WINTERS v. MORGAN

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WINTERS v. MORGAN
1978 OK 24
576 P.2d 1152
Case Number: 49929
Decided: 02/28/1978
Supreme Court of Oklahoma

 
LEO WINTERS, APPELLANT,
v.
WILLIAM MORGAN, ANDREW MORGAN AND HUGHES COUNTY PUBLISHING COMPANY, INC., APPELLEES.

Appeal from the District Court of Hughes County; Frank Seay, Trial Judge.

¶0 Action for libel based on an editorial published in a newspaper. Petition contained allegations of general damages with both general damages and exemplary damages sought to be recovered. Trial Court sustained a general demurrer to the petition, and subsequently dismissed with prejudice. Plaintiff appeals.

REVERSED.

Carl Michael Smith, Oklahoma City, for appellant.

Daugherty & Heath, Holdenville, for appellees.

BARNES, Justice:

[576 P.2d 1153]

¶1 Leo Winters (Winters), Appellant, brought suit for libel against William Morgan, Andrew Morgan, and Hughes County Publishing Co., Inc. (newspaper), Appellees. The libel is based on a published editorial. Trial Court sustained a general demurrer to the petition, and subsequently dismissed with prejudice. Winters appeals.

¶2 This appeal deals with the principal issue of the sufficiency of the petition. That petition identifies the parties defendant to the newspaper. The plaintiff then alleges:

"IV

"That on July 2, 1973, the Defendants, wrote, caused to be written, published and caused to be published an editorial in the `Calvin Chronicle' which accused this Plaintiff of being guilty of commission of a crime against the laws of the United States.

"V

"That said statement contained in said editorial was premeditated, unprivileged, grossly untrue, vicious, malicious and damaging to the good character and moral reputation of this Plaintiff and libelous per se.

"VI

"That as a result of the publication of said editorial, this Plaintiff has been exposed to public hatred, contempt, ridicule, and obloquy and has been deprived of the public confidence which he theretofore enjoyed; that the said editorial was written, published and disseminated by the said Defendants herein, well knowing the same to be false, or unwilling to ascertain the true facts concerning the guilt or innocence of this Plaintiff; that said editorial was written, published and disseminated with reckless and wanton disregard of the rights of this Plaintiff.

"VII

"That this Plaintiff has been severely damaged by said libelous statement contained in said editorial, entitling him to judgment against the Defendant, jointly and severally for general and punitive damages."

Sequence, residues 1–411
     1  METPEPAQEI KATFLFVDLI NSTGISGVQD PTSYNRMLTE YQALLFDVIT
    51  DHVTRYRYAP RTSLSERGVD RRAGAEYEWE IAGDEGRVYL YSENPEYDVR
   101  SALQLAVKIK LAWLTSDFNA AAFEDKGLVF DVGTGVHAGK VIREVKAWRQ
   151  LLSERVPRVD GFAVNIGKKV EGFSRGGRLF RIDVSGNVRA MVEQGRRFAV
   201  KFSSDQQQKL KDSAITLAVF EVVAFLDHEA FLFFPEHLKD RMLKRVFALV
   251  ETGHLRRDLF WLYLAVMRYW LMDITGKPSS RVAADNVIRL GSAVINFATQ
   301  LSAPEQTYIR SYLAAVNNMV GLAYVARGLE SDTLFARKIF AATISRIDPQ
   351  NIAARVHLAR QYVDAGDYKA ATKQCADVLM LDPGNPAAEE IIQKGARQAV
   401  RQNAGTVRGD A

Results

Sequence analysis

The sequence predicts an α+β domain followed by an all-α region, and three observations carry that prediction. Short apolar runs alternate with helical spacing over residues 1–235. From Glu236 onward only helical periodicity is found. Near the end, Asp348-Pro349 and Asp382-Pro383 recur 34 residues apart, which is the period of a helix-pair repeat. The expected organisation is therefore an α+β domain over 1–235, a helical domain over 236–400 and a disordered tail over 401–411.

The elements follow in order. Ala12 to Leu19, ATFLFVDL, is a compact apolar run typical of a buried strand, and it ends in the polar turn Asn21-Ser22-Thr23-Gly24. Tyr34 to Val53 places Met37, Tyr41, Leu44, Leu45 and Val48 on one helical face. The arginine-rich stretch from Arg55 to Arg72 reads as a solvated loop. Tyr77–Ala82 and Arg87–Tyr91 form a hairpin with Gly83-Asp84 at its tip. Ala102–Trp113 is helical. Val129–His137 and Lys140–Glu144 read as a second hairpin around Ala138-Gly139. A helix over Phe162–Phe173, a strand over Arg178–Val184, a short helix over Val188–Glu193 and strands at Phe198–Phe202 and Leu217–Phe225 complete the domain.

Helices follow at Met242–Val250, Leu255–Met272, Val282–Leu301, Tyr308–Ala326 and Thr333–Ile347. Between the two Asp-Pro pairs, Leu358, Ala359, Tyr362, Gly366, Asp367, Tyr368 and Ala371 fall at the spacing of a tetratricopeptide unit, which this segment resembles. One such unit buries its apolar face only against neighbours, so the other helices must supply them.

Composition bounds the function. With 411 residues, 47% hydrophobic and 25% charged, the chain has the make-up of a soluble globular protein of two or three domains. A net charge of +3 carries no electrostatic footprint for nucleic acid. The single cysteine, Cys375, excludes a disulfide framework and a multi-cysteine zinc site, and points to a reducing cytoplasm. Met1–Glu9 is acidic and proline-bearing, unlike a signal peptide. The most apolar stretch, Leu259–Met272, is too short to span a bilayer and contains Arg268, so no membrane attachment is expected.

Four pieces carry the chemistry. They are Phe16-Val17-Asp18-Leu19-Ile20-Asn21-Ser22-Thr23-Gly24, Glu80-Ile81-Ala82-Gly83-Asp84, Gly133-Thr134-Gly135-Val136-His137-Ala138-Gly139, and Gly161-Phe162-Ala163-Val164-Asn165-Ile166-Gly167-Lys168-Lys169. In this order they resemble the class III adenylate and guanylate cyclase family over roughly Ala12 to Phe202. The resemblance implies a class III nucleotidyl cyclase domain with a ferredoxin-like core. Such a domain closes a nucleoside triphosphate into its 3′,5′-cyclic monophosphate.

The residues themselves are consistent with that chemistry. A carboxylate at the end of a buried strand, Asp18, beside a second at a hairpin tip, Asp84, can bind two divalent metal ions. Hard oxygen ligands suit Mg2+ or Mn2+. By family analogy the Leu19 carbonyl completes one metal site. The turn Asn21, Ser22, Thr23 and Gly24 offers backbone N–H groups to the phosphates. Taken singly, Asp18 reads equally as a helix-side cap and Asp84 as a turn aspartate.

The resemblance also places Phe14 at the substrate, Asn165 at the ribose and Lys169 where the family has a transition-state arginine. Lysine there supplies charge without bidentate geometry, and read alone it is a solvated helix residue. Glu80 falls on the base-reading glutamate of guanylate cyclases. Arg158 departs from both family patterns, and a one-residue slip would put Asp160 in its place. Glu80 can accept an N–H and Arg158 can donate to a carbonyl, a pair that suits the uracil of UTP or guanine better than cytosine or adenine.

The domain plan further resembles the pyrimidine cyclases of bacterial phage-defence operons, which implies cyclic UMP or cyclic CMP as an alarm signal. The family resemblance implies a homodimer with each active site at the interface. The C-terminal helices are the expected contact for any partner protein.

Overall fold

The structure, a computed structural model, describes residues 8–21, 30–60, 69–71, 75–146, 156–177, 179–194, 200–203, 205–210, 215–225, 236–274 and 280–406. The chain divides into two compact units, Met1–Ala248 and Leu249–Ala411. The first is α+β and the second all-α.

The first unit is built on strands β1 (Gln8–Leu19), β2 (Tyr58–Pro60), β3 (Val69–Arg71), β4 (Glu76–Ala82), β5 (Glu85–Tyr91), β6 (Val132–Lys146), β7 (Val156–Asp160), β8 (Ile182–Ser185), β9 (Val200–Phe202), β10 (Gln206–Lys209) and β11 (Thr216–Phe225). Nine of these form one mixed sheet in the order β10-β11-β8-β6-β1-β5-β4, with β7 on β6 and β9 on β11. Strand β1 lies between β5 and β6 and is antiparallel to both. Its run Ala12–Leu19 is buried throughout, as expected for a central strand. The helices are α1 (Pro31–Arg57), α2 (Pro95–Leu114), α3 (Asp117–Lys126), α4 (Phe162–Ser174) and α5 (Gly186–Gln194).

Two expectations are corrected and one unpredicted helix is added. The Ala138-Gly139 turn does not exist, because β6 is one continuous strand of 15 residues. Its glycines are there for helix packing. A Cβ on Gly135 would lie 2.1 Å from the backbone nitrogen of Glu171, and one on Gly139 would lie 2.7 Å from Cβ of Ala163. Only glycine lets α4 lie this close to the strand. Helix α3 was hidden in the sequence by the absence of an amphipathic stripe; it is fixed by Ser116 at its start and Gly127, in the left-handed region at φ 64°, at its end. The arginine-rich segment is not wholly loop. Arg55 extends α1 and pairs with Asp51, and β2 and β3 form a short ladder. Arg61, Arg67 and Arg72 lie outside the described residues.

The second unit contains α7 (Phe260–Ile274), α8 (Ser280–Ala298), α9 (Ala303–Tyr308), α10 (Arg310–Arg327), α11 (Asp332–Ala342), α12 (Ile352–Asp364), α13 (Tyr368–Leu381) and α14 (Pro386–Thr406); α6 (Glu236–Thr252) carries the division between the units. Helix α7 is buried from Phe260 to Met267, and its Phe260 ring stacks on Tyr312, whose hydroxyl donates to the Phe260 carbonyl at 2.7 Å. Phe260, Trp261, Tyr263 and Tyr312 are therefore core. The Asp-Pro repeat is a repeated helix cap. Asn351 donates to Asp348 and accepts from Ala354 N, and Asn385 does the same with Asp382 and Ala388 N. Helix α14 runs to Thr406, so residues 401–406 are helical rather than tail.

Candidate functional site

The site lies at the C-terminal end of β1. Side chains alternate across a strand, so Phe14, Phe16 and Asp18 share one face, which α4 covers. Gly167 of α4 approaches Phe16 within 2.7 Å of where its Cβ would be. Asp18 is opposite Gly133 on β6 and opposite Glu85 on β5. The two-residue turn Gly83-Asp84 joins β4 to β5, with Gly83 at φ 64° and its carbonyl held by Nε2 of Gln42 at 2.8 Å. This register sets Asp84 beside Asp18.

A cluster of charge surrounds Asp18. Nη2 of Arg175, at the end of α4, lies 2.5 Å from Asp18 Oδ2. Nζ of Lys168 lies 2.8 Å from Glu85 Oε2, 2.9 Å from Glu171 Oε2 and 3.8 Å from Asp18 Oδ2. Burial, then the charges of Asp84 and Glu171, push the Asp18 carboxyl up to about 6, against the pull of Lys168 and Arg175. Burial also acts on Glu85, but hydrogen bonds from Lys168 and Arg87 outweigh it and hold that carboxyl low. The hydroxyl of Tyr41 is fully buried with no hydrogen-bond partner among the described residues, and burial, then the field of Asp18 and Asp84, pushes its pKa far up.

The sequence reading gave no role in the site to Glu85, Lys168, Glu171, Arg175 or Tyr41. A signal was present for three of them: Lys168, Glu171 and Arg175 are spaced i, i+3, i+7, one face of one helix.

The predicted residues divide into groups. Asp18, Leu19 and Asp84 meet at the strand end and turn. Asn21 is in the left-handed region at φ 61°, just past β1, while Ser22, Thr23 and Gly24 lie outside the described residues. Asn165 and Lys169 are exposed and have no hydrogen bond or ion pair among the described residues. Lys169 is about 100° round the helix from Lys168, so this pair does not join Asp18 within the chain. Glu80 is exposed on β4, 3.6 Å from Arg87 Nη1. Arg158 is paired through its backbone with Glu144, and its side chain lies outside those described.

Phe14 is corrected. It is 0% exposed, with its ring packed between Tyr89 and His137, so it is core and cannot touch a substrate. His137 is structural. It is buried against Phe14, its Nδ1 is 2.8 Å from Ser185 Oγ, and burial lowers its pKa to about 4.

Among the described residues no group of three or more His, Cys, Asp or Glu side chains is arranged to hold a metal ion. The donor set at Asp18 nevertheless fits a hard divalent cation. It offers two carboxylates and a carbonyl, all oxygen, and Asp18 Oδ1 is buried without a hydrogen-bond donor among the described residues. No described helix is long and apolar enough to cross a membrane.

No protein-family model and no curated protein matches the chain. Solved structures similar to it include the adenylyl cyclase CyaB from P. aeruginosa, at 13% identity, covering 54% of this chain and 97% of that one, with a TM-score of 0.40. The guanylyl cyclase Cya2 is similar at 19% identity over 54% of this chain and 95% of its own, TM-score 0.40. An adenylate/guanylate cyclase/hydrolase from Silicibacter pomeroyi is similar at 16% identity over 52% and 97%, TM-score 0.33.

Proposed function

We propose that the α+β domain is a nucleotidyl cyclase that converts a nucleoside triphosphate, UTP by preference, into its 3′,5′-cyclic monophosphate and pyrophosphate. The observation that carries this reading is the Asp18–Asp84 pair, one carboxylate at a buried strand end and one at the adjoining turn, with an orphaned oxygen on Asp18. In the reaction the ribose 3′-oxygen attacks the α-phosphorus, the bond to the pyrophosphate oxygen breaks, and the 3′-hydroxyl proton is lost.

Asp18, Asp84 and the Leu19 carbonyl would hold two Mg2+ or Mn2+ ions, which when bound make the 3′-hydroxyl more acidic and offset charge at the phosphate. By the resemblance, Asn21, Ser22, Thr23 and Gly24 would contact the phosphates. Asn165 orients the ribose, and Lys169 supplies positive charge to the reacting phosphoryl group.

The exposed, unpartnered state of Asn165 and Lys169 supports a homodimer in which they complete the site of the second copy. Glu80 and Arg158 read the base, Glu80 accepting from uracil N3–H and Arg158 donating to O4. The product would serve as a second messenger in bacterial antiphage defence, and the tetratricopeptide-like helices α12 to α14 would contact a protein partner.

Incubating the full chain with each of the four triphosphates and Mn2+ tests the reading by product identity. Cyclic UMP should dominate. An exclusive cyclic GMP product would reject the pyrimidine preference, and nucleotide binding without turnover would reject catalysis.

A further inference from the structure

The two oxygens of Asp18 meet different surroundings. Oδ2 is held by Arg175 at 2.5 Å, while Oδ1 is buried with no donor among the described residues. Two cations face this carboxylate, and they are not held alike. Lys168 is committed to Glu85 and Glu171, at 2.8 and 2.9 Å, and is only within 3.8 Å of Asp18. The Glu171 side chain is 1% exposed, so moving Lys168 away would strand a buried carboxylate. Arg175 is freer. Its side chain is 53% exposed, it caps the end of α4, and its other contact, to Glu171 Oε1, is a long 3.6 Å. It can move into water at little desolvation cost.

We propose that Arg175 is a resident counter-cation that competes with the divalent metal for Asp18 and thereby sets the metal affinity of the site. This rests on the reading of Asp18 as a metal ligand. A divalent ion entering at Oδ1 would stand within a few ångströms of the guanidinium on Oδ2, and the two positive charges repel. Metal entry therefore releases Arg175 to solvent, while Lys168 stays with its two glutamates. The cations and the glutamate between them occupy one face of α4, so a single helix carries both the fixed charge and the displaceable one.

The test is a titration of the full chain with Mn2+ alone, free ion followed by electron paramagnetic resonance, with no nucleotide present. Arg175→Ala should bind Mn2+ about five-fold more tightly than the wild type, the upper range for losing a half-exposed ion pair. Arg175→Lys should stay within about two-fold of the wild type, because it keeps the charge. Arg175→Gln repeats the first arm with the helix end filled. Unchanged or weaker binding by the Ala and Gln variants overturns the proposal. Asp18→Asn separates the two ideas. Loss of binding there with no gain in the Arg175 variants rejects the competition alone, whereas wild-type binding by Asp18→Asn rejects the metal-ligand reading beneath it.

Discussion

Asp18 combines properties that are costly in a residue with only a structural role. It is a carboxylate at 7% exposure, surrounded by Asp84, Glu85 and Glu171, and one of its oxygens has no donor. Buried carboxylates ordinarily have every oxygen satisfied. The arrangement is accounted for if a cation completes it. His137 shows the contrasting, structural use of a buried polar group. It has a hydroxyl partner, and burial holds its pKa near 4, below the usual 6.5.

¶3 The petition prays for a stated sum as actual damages and a like amount as punitive damages.

¶4 The published editorial read:

"JUSTICE IS NOT PROVINCIAL

"ABOUT THE ONLY thing hotter than our recent summer temperatures has to be the Watergate hearings in Washington, D.C., and the `Wintergate' stories.

"We can't for the life of us believe a federal district judge would rule that newspaper articles and TV and radio coverage has been so biased against State Treasurer Leo Winters in Oklahoma City that he and the others charged would not receive a fair trial in Oklahoma City.

"PEOPLE OUT here in the country can not only read, but they do see and hear the same metropolitan newspapers and broadcast media as their city cousins. "For some years, the courts and publicity-shy attorneys have sought to restrict the press - a violation of our constitution and the Bill of Rights.

"IF THE WATERGATE hearings become a court case, we wonder what part of the world will be heard? Certainly, everyone throughout this nation and a goodly number of people in the other English speaking countries are watching and reading of the incident.

"STATE TREASURER Leo Winters and all of the other people indicted by the federal grand jury recently are just as guilty in Guymon in the panhandle, Idabel in Southeastern Oklahoma, Bartlesville in the northeast, Lawton in the southwest, or right smack in downtown Oklahoma City.

"Seeking out possible weak juries or less fair federal judges is not the American Way of justice . . ."

¶5 Winters argues the petition is sufficient, for it states what the defamatory matter was; it was published of the plaintiff; and [576 P.2d 1154] general damages were alleged to have been caused thereby. 12 O.S. 1971 § 1444 .

¶6 With this statute in existence, case law of this jurisdiction has long held special damages must be alleged where the words published were not libelous per se.

"In an action for libel if the alleged defamatory words are not actionable upon their face and there is no allegation of special damages it is not error for the trial court to sustain a demurrer to the petition and enter judgment of dismissal."

¶7 Here, the petition contains no allegations as to special damages. The plaintiff alleges he is entitled to judgment against the defendants for general and punitive damages only. Therefore, to be actionable the language must be libelous per se. If not libelous per se, the Trial Court was correct in sustaining defendants' demurrer.